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Top 10 Ideas from the Business Analyst’s Mentor Book

This blog post is a review of the Business Analyst’s Mentor Book by Emrah Yayici.

Why Read Business Analyst’s Mentor Book?

Last month, I read The Passionate Programmer. One of the points this book made was that it’s not sufficient to be “just a programmer” aka code monkey aka cin >> coffee; cout << code;.

In order to stay relevant, you must learn the domain of the business you’re operating in.

For a company, it’s invaluable to have developers that can speak to clients in the language of their business domain. A lot of time and frustration can be saved by having a good understanding of the business side of things.

For this reason, I’ve decided to read the Business Analyst’s Mentor Book, a book chosen for the Business Analysts’ (BAs) reading circle at my company, Avaloq.

BA Mentor Book

Here are my top 10 ideas from this book.

1. Business Analysts in a Nutshell

BAs are mainly concerned with defining functional and non-functional requirements for a system.

They organise requirements gathering meetings with the client to understand what they need.

2. Project Management Triangle

This is also known as the Good, Fast or Cheap dilemma and is actually a pretty cool way to think about project management constraints.

In an IT project, you can only achieve two out of the three objectives of delivering something that is Good, Fast, or Cheap.

In other words, a good product can be built fast, but with expensive, high-quality resources. On the other hand, the product can be done cheaply, but with a lot of time invested.

I like this idea because you can apply it also to fitness. You can have a nutrition plan that is good, i.e. healthy, but it’ll probably take a bit longer to prepare if you’re aiming for lower prices, or you can get it already prepared, but for a higher cost.

3. Must-Have vs Nice-to-Have Features

When time to market is crucial, then the project should deliver must-have features as a priority.

This is especially relevant in the context of Minimum Viable Products (MVPs). You want to implement the must-have feature(s) ASAP to start getting customer feedback. Nice-to-have features should be implemented if enough resources are available.

4. Use Case-Driven Analysis

This technique is used for gathering requirements. It answers the questions:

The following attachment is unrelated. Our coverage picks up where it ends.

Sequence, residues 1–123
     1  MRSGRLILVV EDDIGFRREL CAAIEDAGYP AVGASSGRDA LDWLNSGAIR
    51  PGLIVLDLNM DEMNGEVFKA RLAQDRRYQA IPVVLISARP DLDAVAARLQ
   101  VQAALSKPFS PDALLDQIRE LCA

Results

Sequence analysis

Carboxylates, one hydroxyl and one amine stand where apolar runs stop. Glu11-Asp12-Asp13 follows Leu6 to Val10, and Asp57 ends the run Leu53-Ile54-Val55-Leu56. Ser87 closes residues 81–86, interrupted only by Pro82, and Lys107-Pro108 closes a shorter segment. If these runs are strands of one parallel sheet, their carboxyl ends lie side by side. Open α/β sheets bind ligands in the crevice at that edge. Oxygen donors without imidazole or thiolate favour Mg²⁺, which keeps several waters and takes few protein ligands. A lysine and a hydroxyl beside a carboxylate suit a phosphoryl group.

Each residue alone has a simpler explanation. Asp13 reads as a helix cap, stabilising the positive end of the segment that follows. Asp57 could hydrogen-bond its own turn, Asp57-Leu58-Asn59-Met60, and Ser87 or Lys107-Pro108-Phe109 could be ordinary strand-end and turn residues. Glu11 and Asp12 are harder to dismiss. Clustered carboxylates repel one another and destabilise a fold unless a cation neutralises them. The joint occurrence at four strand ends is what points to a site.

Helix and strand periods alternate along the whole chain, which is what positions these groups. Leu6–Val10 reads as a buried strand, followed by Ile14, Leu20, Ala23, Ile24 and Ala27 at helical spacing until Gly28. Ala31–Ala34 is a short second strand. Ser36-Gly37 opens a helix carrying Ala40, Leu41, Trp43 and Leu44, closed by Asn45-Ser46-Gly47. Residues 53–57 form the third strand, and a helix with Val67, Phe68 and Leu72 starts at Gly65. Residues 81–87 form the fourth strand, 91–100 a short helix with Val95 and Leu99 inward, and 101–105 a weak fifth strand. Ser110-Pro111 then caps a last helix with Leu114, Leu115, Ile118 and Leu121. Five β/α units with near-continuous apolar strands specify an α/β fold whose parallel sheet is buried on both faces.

• Who are the actors?
  • What are their goals in using the system?
  • How will the actors interact with the system to achieve their goals?

Actors can be users or external systems that interact with the system for which we’re gathering requirements.

The author highlights the difference between use cases and functional requirements. The former represent the goals of an actor, while the latter represent actions needed to achieve the goals.

For example, “money transfer” can be an use case for an app and “input receiver’s account number” can be a functional requirement.

5. Stop Selling Once You’ve Made the Sale

The book also has a chapter on giving presentations. Besides the usual tips like “be natural” and use analogies to make messages more memorable, there was one tip I found particularly useful.

The idea is to stop selling once you’ve made the sale.

The author gives an example of a salesman that was presenting some printers to his company. At one point, the team was convinced to buy one of the products, and instead of stopping the presentation, the salesman continued pitching the rest of the products.

In the end, the team decided to postpone buying a printer due to the multiple available choices.

6. What’s a Product Owner?

The product owner represents the voice of the customer. The person in this role defines requirements as user stories and prioritises them in the product backlog.

The book says that in principle, the product owner doesn’t have IT knowledge as he/she is selected from the business unit.